Carroll, Tina (2005) A Comparison of Manufacturing Industries in the South East and their use of exit interviews as a tool in gathering information to formulate retention strategies. Undergraduate thesis, National College of Ireland.
Retention is defined in the Oxford dictionary as “the capacity for holding or keeping something”. Productive employees are considered valuable assets in an organisation and when time and energy has been invested in finding, training and developing them and they are, in turn, positively impacting the bottom line, it is important those employees remain in the organisation. Employee turnover is an issue with significant bottom-line impact. Organisations have recognised that their employees are their most vital assets and are, therefore, investing in them to ensure they are motivated, productive, and capable of being developed to meet future challenges. The objective of this project is to examine some of the reasons employees leave organisations, what strategies can be put in place to help retain them and how effective those strategies are in practice. This particular research was undertaken to compare the existing theory to twenty-first century practice and effectiveness in industry and to see if the general theories on why employees leave an organisation are still found in industry.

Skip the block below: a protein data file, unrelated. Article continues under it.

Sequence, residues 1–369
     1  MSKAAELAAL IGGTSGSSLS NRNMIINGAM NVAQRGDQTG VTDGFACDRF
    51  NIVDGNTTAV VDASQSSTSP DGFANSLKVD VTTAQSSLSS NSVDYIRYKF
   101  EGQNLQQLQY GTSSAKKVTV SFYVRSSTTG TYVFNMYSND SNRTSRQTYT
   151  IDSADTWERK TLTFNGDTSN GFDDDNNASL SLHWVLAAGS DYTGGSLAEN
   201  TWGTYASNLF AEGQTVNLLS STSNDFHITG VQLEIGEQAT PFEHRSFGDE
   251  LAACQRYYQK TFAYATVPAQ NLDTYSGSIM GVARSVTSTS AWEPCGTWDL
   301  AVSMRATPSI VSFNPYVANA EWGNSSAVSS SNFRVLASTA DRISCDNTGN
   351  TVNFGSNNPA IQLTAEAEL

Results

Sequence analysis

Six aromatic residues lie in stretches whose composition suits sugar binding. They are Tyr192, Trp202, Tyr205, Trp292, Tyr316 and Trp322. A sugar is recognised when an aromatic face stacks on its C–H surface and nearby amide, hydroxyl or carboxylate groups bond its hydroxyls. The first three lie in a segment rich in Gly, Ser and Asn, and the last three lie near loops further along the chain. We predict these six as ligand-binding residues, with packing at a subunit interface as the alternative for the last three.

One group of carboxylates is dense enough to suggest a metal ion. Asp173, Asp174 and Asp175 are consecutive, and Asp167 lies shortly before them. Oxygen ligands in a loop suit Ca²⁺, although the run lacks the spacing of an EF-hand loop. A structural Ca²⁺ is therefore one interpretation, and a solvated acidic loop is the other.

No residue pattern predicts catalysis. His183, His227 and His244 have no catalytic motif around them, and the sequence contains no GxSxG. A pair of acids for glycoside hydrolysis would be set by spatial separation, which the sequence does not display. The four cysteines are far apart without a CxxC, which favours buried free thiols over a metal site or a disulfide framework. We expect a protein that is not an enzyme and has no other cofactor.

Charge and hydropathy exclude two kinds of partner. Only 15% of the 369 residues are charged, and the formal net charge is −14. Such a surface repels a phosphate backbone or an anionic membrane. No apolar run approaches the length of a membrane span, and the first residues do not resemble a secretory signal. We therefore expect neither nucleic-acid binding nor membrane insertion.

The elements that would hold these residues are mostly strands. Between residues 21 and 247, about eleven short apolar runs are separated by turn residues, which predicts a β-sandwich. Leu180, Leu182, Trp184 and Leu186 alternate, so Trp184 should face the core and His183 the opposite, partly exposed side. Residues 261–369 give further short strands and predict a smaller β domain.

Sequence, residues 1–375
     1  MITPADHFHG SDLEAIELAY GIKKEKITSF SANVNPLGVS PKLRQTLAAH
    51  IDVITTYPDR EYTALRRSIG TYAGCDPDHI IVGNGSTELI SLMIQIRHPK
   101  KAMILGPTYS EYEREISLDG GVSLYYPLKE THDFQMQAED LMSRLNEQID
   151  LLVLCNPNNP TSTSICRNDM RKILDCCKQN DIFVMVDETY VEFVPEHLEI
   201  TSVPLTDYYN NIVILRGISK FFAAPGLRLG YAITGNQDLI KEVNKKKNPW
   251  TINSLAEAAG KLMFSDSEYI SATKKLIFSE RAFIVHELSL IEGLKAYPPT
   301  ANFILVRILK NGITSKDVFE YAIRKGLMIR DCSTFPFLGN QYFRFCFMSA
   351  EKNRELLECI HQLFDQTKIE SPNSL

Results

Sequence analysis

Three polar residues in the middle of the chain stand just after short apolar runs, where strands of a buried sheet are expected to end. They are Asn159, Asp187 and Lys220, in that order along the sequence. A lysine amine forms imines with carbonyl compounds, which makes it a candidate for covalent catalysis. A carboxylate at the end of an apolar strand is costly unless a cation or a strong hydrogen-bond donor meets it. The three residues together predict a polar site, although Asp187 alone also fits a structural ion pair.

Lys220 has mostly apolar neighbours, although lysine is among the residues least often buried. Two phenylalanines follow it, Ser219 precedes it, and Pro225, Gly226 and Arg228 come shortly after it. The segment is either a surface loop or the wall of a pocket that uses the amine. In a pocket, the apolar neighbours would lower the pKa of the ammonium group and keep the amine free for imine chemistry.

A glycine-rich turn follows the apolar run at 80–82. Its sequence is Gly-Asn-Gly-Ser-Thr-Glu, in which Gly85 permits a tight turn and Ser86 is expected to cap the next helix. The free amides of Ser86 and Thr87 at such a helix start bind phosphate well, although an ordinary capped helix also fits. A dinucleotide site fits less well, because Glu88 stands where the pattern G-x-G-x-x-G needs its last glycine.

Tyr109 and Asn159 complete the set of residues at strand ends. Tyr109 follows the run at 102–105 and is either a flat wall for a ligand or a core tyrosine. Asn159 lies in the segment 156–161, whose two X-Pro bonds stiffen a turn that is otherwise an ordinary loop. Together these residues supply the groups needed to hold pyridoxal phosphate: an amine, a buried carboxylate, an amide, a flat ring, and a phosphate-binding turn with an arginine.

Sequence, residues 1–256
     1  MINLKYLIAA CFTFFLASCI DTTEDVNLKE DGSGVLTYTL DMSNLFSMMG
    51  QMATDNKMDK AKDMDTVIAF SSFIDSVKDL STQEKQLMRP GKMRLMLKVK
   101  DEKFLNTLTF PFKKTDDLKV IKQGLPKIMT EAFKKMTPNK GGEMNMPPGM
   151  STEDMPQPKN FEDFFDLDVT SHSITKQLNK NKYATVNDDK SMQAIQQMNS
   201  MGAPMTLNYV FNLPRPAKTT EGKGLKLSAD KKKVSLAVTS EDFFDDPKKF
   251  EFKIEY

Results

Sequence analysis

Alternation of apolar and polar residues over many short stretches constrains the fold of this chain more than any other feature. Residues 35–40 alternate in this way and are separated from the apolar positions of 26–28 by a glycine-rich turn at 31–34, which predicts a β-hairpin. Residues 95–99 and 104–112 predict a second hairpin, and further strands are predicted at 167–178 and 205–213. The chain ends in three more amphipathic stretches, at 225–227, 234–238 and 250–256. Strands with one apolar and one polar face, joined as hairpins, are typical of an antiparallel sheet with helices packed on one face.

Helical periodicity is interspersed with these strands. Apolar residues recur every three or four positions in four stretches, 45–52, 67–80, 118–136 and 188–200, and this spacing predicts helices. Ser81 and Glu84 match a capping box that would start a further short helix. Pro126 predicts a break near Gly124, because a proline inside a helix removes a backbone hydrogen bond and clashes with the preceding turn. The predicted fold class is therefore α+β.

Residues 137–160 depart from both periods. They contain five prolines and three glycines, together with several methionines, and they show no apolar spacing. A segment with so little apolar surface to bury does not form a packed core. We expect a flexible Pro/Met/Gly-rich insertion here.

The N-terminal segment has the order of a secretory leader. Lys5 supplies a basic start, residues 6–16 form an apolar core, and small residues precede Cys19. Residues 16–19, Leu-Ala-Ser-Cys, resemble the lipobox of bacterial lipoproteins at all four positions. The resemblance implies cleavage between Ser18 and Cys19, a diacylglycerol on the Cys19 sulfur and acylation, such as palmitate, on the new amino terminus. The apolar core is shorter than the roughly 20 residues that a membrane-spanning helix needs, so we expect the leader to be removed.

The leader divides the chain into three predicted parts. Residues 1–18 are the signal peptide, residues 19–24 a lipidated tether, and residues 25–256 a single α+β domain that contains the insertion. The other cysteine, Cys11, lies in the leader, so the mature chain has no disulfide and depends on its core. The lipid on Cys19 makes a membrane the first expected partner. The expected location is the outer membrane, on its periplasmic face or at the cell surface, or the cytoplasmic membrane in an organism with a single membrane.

|Item Type:||Thesis (Undergraduate)|
|Subjects:||H Social Sciences > HD Industries. Land use. Labor > HD28 Management. Industrial Management > Human Resource Management > Employee Retention
H Social Sciences > HD Industries. Land use. Labor > Specific Industries > Manufacturing Industry
H Social Sciences > HD Industries. Land use. Labor > Issues of Labour and Work > Staff Turnover
H Social Sciences > HD Industries. Land use. Labor > HD28 Management. Industrial Management > Strategic Management
|Divisions:||School of Business > BA (Honours) in Human Resource Management|
|Depositing User:||Clair McAuley|
|Date Deposited:||14 Aug 2012 11:01|
|Last Modified:||14 Aug 2012 11:01|
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